In the age of #MeToo, widespread burnout, attrition, disengagement and other culture eruptions, Human Resources (HR) often appears to be missing in action, relegated in many companies to little more than the department of complaints, forms and policies. And yet it is exactly this moment – with its complexities, dilemmas, crises – that both demands and offers the opportunity for an entirely new approach to people management.
Now is the time, more than ever, for Human Resources to step out of the shadows and lead.
In 2016, I joined KBS (Kirshenbaum Bond Senecal + Partners®), a global ad agency based in New York City, as Global Chief Talent Officer. In conversations we had before I even started working at the agency, KBS Global CEO Guy Hayward and I agreed to rebrand the Human Resources Department as Talent and move the team out of the only existing self-contained office still left at the agency. When Guy positioned my seat right next to his in our open floor plan, I thanked him for sending such a positive message to the company about where we were headed.
“Where else would you sit?” Guy asked. “You’re my business partner.”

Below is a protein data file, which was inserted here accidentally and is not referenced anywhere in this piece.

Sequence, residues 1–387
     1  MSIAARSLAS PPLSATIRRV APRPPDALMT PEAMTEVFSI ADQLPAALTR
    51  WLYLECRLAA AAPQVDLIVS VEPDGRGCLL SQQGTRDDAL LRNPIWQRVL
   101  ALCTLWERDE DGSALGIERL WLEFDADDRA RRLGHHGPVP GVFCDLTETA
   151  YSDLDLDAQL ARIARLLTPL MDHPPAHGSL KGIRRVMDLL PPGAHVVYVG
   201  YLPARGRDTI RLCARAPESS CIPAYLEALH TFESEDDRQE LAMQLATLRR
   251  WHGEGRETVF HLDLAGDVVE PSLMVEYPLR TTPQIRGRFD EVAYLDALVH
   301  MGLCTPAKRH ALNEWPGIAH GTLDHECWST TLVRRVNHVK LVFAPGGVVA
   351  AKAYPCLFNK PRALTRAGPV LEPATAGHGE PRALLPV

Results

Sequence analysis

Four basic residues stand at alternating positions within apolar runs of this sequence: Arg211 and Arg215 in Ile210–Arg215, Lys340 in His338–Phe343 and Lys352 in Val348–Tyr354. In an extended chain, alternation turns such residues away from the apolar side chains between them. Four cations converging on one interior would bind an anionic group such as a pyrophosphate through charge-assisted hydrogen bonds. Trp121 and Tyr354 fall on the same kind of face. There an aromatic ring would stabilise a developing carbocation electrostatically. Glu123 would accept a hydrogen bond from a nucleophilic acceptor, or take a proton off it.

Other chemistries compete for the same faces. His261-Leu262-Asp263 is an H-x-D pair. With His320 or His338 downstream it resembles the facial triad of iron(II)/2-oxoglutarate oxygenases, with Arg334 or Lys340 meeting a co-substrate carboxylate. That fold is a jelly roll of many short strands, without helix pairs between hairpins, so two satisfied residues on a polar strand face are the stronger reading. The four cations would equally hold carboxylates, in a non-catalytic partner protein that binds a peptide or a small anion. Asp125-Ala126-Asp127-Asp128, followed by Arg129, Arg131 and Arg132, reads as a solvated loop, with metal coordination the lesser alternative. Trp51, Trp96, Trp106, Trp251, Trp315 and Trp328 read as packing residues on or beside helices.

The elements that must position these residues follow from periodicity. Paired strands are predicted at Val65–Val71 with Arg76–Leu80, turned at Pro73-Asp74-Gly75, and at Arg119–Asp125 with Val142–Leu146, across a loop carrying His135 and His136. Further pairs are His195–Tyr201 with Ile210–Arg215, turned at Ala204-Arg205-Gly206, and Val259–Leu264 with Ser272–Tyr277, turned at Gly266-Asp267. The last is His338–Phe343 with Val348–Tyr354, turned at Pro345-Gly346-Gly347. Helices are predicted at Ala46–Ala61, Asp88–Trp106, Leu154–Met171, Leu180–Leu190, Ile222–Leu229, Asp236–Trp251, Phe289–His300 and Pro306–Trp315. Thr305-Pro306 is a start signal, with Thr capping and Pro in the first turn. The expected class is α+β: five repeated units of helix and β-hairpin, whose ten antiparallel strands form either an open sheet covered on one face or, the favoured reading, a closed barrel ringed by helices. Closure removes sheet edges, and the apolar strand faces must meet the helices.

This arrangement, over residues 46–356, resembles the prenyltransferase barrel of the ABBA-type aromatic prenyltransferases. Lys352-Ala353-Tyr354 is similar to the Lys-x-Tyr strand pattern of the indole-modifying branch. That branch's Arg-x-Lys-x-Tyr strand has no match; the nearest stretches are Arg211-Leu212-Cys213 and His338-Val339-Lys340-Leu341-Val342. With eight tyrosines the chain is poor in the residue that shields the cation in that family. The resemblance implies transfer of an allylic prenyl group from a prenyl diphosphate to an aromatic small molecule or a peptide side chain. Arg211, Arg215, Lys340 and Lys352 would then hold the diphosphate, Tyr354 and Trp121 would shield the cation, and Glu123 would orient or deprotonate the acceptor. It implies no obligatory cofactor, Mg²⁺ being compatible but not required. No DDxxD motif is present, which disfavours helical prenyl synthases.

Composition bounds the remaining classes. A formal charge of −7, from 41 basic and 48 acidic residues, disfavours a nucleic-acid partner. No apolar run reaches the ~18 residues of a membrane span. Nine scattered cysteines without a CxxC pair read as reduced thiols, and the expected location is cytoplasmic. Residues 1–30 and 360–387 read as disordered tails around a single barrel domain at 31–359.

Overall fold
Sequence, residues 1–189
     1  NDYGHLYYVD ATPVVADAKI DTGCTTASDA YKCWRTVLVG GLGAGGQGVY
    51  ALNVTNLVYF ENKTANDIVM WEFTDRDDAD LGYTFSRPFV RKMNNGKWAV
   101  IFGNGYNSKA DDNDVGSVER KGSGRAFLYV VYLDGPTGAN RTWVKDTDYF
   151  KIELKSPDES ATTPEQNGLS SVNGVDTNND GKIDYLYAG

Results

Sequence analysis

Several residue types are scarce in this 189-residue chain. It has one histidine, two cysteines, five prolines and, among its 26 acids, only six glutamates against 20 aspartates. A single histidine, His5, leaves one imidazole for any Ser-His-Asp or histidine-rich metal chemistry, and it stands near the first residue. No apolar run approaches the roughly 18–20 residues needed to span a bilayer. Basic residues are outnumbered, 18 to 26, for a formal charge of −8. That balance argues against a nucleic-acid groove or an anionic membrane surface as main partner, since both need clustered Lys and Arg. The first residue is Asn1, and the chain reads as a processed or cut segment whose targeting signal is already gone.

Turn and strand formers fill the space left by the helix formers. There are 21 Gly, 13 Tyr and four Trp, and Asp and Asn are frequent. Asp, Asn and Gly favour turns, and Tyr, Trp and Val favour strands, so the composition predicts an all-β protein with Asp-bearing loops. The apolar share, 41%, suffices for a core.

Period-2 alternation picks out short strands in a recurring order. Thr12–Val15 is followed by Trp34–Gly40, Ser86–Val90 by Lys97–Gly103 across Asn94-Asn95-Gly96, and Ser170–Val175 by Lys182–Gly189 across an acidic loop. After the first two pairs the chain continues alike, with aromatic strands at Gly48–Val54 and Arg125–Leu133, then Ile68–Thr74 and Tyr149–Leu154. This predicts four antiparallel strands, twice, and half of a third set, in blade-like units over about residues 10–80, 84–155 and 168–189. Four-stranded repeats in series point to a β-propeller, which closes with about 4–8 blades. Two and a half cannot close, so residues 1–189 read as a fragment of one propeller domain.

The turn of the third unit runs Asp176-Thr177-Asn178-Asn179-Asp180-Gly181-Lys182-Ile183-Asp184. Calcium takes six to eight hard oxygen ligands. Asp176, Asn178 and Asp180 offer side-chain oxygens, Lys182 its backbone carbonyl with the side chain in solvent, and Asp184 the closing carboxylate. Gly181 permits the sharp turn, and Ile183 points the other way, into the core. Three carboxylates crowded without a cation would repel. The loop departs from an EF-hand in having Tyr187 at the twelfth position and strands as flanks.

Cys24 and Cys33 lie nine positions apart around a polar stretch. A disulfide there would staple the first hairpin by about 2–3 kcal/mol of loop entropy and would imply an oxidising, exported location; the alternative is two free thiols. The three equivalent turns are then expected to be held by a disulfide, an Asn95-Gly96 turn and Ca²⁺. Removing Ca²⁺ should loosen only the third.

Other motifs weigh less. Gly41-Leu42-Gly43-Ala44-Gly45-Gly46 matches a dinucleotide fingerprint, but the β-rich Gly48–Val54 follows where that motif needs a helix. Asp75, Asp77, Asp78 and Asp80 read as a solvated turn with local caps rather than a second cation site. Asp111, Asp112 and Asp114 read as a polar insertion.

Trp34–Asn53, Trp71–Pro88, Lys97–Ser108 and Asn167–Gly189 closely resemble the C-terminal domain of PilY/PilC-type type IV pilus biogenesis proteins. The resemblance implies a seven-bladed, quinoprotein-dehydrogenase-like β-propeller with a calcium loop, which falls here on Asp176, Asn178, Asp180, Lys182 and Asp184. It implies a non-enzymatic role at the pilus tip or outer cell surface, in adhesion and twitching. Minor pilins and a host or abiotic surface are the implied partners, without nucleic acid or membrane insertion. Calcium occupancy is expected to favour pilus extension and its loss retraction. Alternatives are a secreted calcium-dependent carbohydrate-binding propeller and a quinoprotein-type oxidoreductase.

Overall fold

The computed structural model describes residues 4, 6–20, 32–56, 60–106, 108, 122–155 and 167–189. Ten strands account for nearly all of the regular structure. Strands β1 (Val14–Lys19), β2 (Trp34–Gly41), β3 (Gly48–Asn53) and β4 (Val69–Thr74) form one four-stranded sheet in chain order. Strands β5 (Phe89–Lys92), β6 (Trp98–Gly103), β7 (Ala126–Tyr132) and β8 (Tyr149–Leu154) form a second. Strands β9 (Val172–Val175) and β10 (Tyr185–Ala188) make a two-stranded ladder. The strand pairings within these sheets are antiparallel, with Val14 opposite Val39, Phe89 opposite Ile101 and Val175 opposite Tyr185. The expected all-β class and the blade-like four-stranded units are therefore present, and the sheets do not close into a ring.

With that simple but powerful gesture, we began our incredible journey to create the modern-day Talent Department, one that puts people at the core of our business. Not only has the collective culture in and out of the industry changed drastically in two short years, but that culture shift has created an astounding level of return on investment.
In those two years, we expanded our portfolio of clients to include PODS, Seagram’s 7, Hyatt, and Dean Foods, among others. During that time, we also won more industry awards globally than in any previous year. We attracted and hired some of the most effective leaders in the industry. And, as of last month, we became one of only four companies that have been 3% Certified by the 3% Movement for our dedication and effectiveness in creating a high level of workplace equality through education, partnerships, inclusion and leadership initiatives. We have our employees to thank. As a result of our material and visible investment in our culture, employee resource groups have been consistently forming. These are groups of people that voluntarily organize to support a diverse and inclusive workplace aligned with our values and company goals. Some of these groups include LGBTQ+, Parents, Social Purpose, an Action Network dedicated to supporting underrepresented individuals in our agency and community, as well as a Women’s Network and a group solely focused on our New Employee Experience.